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ECI's Party Symbols Allotment



  Apr 10, 2024

Party Symbols Allotment by the Election Commission of India (ECI)



In India's democracy, election symbols are really important. They help people who can't read to still know who they're voting for. Symbols make it easy for everyone to find their favorite party or person on the ballot. This way, all voters, no matter their education, can take part in choosing their leaders. Symbols keep voting fair and help make sure that everyone's voice is heard.

How Are Symbols Allotted to Political Parties?

The Election Commission of India (ECI) allots symbols based on the Election Symbols (Reservation and Allotment) Order, 1968. Recognised national or state parties are assigned permanent symbols, while registered unrecognised parties may receive a common symbol if they meet specific criteria set by the ECI for elections.

What Criteria Must a Party Meet to Be Recognised as a State Party?

A party is recognised as a state party if it meets any of the following criteria: (a) it wins one Lok Sabha seat for every 25 seats or 3% of Legislative Assembly seats, whichever is less, in that state; (b) it wins one Lok Sabha or two Assembly seats, along with 6% of the total votes polled in the state; or (c) it secures 8% of the total votes polled in the state during a general election.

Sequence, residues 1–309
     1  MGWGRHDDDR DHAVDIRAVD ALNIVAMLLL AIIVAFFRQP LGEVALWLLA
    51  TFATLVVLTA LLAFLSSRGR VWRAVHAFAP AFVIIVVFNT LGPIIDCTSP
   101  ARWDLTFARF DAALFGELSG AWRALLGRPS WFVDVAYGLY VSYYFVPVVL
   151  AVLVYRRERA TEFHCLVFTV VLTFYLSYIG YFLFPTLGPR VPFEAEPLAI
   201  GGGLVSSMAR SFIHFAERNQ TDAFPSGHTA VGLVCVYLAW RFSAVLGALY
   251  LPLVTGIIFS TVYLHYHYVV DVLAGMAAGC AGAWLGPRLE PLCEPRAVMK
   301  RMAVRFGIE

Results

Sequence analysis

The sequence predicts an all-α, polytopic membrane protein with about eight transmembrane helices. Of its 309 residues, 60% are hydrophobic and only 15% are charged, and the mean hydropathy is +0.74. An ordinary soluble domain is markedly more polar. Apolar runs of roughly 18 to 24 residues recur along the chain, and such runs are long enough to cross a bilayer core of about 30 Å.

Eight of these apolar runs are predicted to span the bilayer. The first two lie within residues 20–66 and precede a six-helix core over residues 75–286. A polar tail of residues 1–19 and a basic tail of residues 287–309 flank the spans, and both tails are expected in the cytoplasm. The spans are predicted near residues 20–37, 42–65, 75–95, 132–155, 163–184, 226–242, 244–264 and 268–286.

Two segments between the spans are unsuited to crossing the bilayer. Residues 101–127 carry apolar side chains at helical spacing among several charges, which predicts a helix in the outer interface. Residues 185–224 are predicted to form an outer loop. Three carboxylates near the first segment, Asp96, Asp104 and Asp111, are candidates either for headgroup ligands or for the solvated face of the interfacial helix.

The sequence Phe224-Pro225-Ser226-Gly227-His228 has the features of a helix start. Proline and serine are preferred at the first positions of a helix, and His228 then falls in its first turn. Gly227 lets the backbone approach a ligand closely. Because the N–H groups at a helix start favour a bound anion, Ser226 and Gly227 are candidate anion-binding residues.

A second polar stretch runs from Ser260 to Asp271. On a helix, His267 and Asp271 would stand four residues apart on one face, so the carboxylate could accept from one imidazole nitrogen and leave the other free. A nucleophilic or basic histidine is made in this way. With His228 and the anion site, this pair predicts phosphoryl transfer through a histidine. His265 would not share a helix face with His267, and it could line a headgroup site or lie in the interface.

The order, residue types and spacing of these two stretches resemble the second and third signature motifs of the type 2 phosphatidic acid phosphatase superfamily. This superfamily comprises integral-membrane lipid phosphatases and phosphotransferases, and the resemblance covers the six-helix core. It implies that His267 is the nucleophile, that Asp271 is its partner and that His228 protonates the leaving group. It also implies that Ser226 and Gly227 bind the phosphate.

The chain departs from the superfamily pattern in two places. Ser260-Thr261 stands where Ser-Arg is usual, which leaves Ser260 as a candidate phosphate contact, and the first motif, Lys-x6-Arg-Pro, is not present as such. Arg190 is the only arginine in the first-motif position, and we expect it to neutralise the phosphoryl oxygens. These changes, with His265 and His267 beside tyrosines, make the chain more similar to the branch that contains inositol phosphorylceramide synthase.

What Is the Issue with the Allotment of Symbols to Registered Unrecognised Parties?

The main issue arises from the rule that a registered unrecognised party is eligible for a common symbol if it has secured at least 1% of the votes polled in the state in the previous election. Additionally, the allotment is done on a first-come, first-served basis, which can disadvantage parties that apply later, even if they have a stronger electoral presence or elected representatives.

Why Was Viduthalai Chiruthaigal Katchi (VCK) Denied a Common Symbol?

VCK was denied a common symbol by the ECI because it did not secure at least 1% of the votes polled in the Tamil Nadu Legislative Assembly election in 2021, as per the criteria outlined in Rule 10B of the Symbols Order. Despite having elected representatives, this criterion was not met, leading to their ineligibility for a common symbol.

What Can Be Done to Address These Concerns?

To address these concerns, the ECI could consider revising the criteria for allotment of common symbols to registered unrecognised parties. Suggestions include allowing parties that secure at least 1% of votes polled in a previous election or have elected representatives in the Lok Sabha or State Assembly to have the right to a common symbol of their choice. This would acknowledge their electoral performance and enhance the democratic process by ensuring fairer representation on the ballot.

How Does the Symbol Allotment Process Impact the Voting Process?

Symbols play a crucial role in the voting process, especially in a country with a significant illiterate population. They help voters identify their preferred parties or candidates easily, making the election more accessible and inclusive. The allotment of symbols, therefore, directly impacts voter recognition and can influence electoral outcomes.

Read Indian Polity by SRIRAM'S IAS  for fuller clarity.



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